IPO mountain too hefty for Hong Kong
By John Foley
The author is a Reuters Breakingviews columnist. The opinions expressed are his own.
HONG KONG — Hong Kong is turning into a buyer’s market for new stock offers. Companies are queuing up to issue some $54 billion through initial public offerings, according to Thomson Reuters data. That’s $1 billion more than 2010, a record year. The chances of all this stock getting sold are shrinking fast.
Leading the charge are consumer brands like Prada and Samsonite, plus casino operator MGM China and Hong Kong-based jeweller Chow Tai Fook. These four may raise over $8 billion, exploiting the high valuations Hong Kong affords consumer-related stocks: the MSCI China index shows retailers trading at almost a 20 percent premium to their 100-month average on a forward price-to-earnings basis.
But it’s not all glitz and glamour. Guangdong Development Bank, part-owned by Citi, and financial conglomerate Citic Group could add a further $13 billion. And don’t forget Industrials like the Beijing-Shanghai high-speed rail operator gunning for an estimated $5 billion.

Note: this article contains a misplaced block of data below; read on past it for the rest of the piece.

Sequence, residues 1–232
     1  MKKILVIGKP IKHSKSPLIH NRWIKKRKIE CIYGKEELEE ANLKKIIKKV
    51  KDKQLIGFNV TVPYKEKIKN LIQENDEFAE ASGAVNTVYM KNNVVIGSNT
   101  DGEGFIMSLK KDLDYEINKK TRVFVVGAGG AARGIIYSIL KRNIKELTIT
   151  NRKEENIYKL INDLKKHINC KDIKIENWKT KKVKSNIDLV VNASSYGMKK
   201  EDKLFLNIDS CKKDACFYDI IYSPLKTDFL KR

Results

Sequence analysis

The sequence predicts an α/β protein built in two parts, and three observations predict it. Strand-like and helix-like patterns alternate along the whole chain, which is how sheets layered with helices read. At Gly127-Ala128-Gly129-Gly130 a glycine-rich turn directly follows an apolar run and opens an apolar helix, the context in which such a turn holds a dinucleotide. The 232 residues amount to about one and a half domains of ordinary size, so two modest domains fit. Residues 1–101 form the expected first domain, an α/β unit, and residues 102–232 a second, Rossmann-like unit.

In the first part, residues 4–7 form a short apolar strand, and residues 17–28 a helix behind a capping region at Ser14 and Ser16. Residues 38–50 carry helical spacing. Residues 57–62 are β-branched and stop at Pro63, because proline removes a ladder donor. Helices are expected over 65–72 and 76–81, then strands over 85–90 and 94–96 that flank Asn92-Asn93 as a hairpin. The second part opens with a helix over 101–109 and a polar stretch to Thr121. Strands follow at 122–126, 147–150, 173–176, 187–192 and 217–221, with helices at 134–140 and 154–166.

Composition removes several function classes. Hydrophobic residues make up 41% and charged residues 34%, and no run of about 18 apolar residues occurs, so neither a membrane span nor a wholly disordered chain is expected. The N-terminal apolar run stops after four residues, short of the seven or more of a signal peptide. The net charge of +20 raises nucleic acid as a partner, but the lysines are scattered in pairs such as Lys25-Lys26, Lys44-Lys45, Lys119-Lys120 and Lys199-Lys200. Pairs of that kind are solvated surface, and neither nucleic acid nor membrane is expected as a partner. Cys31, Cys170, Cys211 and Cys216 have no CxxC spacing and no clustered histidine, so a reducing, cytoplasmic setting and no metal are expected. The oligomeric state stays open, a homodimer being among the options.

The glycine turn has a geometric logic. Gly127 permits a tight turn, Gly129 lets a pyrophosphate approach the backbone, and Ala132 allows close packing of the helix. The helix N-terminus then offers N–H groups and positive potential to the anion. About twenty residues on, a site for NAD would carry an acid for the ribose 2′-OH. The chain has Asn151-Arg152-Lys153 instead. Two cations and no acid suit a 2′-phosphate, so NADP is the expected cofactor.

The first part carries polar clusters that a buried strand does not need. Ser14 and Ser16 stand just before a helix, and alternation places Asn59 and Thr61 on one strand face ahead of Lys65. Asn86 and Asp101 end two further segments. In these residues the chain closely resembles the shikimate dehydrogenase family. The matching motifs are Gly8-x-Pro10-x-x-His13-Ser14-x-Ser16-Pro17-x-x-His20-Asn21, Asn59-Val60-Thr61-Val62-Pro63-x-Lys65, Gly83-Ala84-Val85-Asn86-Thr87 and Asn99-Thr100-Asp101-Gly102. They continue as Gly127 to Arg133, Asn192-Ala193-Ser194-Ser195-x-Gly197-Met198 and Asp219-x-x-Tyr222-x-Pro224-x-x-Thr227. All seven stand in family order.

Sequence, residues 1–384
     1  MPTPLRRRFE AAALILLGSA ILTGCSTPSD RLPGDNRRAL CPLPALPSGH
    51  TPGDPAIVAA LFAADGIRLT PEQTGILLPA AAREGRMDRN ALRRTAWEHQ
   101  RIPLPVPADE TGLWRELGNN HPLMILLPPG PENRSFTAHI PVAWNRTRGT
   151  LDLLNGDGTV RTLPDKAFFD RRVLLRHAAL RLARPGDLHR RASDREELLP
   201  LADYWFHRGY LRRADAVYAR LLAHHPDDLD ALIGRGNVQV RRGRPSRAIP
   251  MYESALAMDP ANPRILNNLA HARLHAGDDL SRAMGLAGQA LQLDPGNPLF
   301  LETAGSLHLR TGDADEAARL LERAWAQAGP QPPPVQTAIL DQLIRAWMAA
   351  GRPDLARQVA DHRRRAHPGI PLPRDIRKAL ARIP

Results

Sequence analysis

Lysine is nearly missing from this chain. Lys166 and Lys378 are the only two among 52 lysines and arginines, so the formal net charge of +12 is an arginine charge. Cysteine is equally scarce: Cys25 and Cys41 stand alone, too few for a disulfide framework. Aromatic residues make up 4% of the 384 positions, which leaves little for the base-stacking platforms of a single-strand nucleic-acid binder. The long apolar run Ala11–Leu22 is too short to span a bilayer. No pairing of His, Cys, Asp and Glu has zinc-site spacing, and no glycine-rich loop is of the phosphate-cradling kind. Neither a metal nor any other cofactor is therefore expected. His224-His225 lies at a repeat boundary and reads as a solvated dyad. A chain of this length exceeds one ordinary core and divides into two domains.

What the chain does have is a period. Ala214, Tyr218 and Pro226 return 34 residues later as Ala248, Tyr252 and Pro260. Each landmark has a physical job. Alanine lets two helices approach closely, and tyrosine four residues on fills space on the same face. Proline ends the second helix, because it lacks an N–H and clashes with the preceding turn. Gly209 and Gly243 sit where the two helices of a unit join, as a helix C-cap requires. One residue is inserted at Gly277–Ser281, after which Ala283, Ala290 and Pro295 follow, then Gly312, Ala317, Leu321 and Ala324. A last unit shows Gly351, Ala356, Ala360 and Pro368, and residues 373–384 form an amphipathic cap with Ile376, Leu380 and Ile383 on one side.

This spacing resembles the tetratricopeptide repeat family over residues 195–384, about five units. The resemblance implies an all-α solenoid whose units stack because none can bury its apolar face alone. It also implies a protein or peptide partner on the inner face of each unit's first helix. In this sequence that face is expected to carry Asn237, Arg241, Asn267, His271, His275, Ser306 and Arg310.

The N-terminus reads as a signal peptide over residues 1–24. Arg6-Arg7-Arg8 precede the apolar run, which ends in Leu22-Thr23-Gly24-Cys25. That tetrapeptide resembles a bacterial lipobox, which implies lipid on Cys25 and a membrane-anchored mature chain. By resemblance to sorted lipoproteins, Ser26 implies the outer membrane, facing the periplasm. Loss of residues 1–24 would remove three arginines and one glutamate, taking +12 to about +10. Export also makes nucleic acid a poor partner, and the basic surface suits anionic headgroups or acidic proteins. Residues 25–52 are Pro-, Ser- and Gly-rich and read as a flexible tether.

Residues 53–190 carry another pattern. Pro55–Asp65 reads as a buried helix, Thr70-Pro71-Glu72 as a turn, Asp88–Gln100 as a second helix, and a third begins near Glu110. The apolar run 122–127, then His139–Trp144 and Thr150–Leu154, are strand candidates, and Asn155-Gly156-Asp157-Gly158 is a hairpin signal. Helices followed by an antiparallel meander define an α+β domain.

Now factor in competition from secondary offerings. Several Chinese banks may need fresh equity to meet tough capital standards — among them Minsheng and China Merchants Bank. Necessity brings them to market at a time when valuations for mainland banks listed in Hong Kong are a third below their historical average. A glut of new stock, estimated by Credit Suisse at $16 billion, may push valuations even lower.
This level of stock issuance arguably needs a bull market with legs to get sold. That is not the situation today. Almost $300 million was pulled from China-focused funds in the past week, according to Citi. Hong Kong’s benchmark index is down 6.5 percent from April’s highs. The imminent end to U.S. quantitative easing, which has propped up asset prices across Asia, will remove one leg of support. More data showing China is slowing but still harbouring inflation could remove another.
Investors have the upper hand. Issuers will have to accept modest valuations or pass. The latter option will be easiest for consumer goods makers, whose capital raisings are as discretionary as their products. A megabrand like Prada — now on its fifth attempted IPO — could squeak through, but for others, Hong Kong’s allure may have peaked.